Palm Beach Gardens, Fla. - Eric Kaplan, D.C., thought he was receiving Botox (Allergan Medical) injections - just something to soften the harsh edge of the years.
But Dr. Kaplan, a motivational speaker, author and business consultant, soon found himself living a nightmare - locked inside a body paralyzed by botulism after he was injected with a massive dose of research-grade botulinum toxin in November 2004.
Unable to move, speak or even open his eyes, Dr. Kaplan says he was forced to turn inward to survive - and he says he underwent spiritual experiences that changed his thinking about life, death and vanity, ultimately making him a better person.
Dr. Kaplan recounts his experiences in his book "Dying to Be Young," published in 2007 by Nightingale Press. And he now uses what he learned to teach others.
"With cosmetic procedures in general, people never thought there was a risk," he says. "But any time we take a pill or injection, we put ourselves at risk."
The "bogus Botox" case drew nationwide media attention.
In November 2004, Dr. Kaplan received four facial injections of what he mistakenly believed to be Botox (botulinum toxin A), administered by Bach McComb, an osteopath whose license had been suspended by the state of Florida. That fact was not listed on the state's Web site, Dr. Kaplan says, and was unbeknownst to him.
Dr. McComb also injected Dr. Kaplan's wife, Bonnie, as well as himself and his then-girlfriend, Alma Hall. Within days, all four were hospitalized in deteriorating condition, and subsequently were paralyzed.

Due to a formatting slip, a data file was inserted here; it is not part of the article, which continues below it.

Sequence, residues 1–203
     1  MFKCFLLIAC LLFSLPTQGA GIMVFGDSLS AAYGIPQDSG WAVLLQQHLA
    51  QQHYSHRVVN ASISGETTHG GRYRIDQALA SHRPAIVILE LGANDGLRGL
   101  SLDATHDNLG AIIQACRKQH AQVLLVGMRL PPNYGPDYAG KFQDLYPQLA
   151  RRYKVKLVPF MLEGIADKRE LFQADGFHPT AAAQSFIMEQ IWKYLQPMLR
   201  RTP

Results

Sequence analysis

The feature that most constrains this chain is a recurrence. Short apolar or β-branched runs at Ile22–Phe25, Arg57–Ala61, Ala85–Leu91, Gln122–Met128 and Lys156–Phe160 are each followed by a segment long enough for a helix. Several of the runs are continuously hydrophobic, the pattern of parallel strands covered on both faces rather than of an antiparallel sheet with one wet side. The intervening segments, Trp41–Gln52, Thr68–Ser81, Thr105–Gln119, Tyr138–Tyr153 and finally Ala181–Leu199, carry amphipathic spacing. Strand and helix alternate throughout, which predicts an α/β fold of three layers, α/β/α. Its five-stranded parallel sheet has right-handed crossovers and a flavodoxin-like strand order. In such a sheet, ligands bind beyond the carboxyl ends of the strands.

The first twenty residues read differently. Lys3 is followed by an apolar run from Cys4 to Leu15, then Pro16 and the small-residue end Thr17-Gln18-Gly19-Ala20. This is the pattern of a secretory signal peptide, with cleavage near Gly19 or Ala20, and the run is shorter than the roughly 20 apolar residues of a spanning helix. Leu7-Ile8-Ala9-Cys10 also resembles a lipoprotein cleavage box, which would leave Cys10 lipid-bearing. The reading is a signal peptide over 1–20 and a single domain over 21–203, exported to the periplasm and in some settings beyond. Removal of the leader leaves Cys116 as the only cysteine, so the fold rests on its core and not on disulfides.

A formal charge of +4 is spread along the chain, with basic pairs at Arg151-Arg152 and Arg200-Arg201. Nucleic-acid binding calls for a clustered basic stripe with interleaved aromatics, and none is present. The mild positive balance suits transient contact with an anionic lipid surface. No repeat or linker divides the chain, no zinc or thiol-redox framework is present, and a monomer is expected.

Dr. Kaplan and his wife suffered botulism poisoning that lasted nearly a year, and they continue to deal with physical effects nearly three years later.
"Dying to be Young" recounts Dr. Kaplan's experiences as he lay in a Florida hospital unable to move, speak, open his eyes or even breathe without the aid of a ventilator. He says he was visited by three "angels" - his mother, his father and an uncle, all deceased - who imparted many life lessons to him.
While he says he had excellent medical care, he also recalls being treated as though he were less than a person, because he was unable to react to the stimulus of being stuck with a pin.
"HELLO! I'm a person, not a piece of meat!" he writes.
As doctors, he says, "We expect that when we go to a doctor, we're going to get better care" than others, because physicians want to prove themselves to peers.
"As a doctor, one always thinks that these things happen to other people," Dr. Kaplan says. But his experience taught him that "One day, whether they like it or not, every doctor will be a patient" - and he advises doctors to treat patients as they would like to be treated themselves.
Praise for physicians
Dr. Kaplan says his ordeal has hardly soured him on the medical profession.
"It was doctors who saved my life," he says, especially Dennis Egitto, M.D., his internist at Palm Beach Gardens Medical Center, and Brock Bowman, M.D., a physiatrist at Shepherd Center, an Atlanta catastrophic care hospital.
"I'm grateful to Dr. Egitto for having the courage and making the quick decision to put us on a ventilator, recognizing what inherently could have happened" while physicians struggled to decode the mysterious ailment, he says. "Modern medicine kept me alive."
According to the Journal of the American Medical Association, each of the four who were injected received enough toxin to kill 2,800 people (JAMA. 2006 Nov 22;296:2476-2479). Dr. Kaplan says he is indebted to the federal Centers for Disease Control (CDC) for acting quickly and competently in confirming botulism poisoning and providing an antitoxin.
He likewise lauds Dr. Bowman as well as the Shepherd Center, which "sets the paradigm for patient treatment that should be emulated by hospitals throughout the world," he adds.
In fact, Dr. Kaplan says his physicians' example inspired his two sons to study medicine.